Picasso and Braque Cubism Research Paper

Pages: 5 (1299 words)  ·  Bibliography Sources: ≈ 6  ·  File: .docx  ·  Level: College Senior  ·  Topic: Art  (general)

Picasso and Braque

Cubism refers to a revolutionary style of art that emerged in Paris during the early part of the twentieth century, 1907 through 1914, and is credited to the creations of two particular painters, Pablo Picasso and Georges Braque (Cubism pp).

The major characteristic of the Cubist style is the rejection of the traditional techniques of perspective, foreshortening, modeling, and chiaroscuro and ignoring the accepted theories that art must imitate nature (Cubism pp). Instead, the artists chose to emphasize the flat two-dimensional surface of the picture plane and refused to be bound to copy form, texture, color and space, but rather present reality in a new way that showed fragmented objects, "whose several sides were seen simultaneously" (Cubism pp).

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Georges Braque was born May 13, 1882, in Argenteuil-sur-Seine and by 1902 he had moved to Paris to study the art of painting (Georges pp). In 1905, impressed by the exhibition, "Fauves," that included work by Henri Matisse and Andre Derain, who used brilliant colors and loose forms, Braque adopted Fauvism from 1906 through 1907 (Georges pp). However, by the following year he had shifted his interests to the paintings of Paul Cezanne, whose strange and distorted forms and "unconventional perspective" led Braque to begin painting in the style that came to be known as cubism (Georges pp). From 1908 to 1913, he studied the effects of light and perspective and questioned the majority of artistic conventions (Georges pp). For example, in his village scenes, he often reduced an architectural structure to a geometric form or rectangular prism and applied shading to make it look both flat and three-dimensional, thus drawing attention to the "very nature of visual illusion and artistic representation" (Georges pp).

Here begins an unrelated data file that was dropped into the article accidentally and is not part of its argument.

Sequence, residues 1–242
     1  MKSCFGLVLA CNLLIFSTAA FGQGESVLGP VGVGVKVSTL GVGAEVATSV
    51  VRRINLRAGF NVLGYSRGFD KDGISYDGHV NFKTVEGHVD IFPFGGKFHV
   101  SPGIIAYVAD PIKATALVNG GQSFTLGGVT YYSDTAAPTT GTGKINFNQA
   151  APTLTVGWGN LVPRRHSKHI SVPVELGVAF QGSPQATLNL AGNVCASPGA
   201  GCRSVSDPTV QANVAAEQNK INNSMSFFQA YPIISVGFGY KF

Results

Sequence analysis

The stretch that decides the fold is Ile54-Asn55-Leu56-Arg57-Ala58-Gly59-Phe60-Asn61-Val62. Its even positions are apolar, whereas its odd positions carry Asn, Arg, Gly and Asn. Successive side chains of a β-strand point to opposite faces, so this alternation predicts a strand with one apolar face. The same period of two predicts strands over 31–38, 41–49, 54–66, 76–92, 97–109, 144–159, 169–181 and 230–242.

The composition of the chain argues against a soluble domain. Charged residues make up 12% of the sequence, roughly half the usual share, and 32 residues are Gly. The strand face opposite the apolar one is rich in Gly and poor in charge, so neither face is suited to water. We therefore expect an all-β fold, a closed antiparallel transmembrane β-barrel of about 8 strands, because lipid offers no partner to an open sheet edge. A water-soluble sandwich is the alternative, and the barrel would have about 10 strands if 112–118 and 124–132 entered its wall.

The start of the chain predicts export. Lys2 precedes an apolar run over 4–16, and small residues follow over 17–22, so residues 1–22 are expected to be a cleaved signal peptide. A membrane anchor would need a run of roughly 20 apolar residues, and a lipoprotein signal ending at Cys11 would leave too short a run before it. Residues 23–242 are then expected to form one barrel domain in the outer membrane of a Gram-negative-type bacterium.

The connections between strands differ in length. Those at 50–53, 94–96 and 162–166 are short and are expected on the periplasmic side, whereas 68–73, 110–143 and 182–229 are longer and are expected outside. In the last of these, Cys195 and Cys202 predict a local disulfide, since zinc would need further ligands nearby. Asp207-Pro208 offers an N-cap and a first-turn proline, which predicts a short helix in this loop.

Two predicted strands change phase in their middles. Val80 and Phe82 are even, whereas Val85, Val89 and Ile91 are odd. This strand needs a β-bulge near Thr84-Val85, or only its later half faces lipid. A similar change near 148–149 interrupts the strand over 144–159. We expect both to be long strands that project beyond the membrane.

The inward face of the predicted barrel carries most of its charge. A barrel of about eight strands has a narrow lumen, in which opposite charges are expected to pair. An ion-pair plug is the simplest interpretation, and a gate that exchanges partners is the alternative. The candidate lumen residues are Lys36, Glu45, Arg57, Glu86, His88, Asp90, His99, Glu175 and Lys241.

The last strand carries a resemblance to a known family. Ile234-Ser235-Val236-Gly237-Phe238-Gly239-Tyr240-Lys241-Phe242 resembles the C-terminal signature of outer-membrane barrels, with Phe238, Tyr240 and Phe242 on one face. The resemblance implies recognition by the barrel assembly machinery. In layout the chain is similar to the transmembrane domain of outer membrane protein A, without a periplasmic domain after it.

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In 1909, Braque began working closely with Pablo Picasso, who "had been developing a similar approach to painting," and both produced work of "neutralized color and complex patterns of faceted form," now referred to as analytic cubism, 1910-1912, and can be seen in Braque's "Violin and Pitcher" (Georges pp). Moreover, both artists experimented with collage, a medium of using materials such as paper or fabric to create an image (Georges pp). The working collaboration between Braque and Picasso continued until 1914, when Braque enlisted in the French army in World War I, where he was severely wounded (Georges pp).

In 1917, after returning from the war, Braque worked alone and developed a more personal style that was "characterized by brilliant color and textured surfaces" and returned to the human figure as a subject (Georges pp). Painting many still lifes, he maintained his emphasis on structure, producing numerous paintings, graphics and sculptures during his lifetime (Georges pp). He died in 1963.

The term, cubism, is said to have come from the remarks by Matisse and critic Louis Vauxcelles as they described Braque's 1908 "Houses at L'Estaque," a work composed of cubes (Cubism pp). In this work, "the volumes of the houses, the cylindrical forms of the trees, and the tan-and-green color scheme" resemble Cezanne's landscapes (Cubism pp). However, it was Picasso's 1907 "Les demoiselles d'Avignon" that truly forecasted this new style (Cubism pp). In this piece, "the forms of five female nudes became fractured, angular shapes...warm reddish browns advancing and the cool blues receding" (Cubism pp).

Pablo Picasso, 1881-1973, was a Spanish painter, sculptor, ceramist, and graphic artist, who due to his versatility and prolificity is considered to have been the foremost figure in twentieth century art (Picasso pp). After studying art at the Royal Academy of Art in Barcelona at the age of fifteen, he moved to Paris in 1900, where Toulouse-Lautrec influenced his early works (Picasso pp).

Picasso's production is generally described in terms of a series of overlapping periods (Picasso pp). His "blue period," 1901-1904, is characterized by depicting the world of the poor, using predominantly blue tones (Picasso pp). These melancholy paintings, such as the 1903 "The Old Guitarist," are among… [END OF PREVIEW] . . . READ MORE

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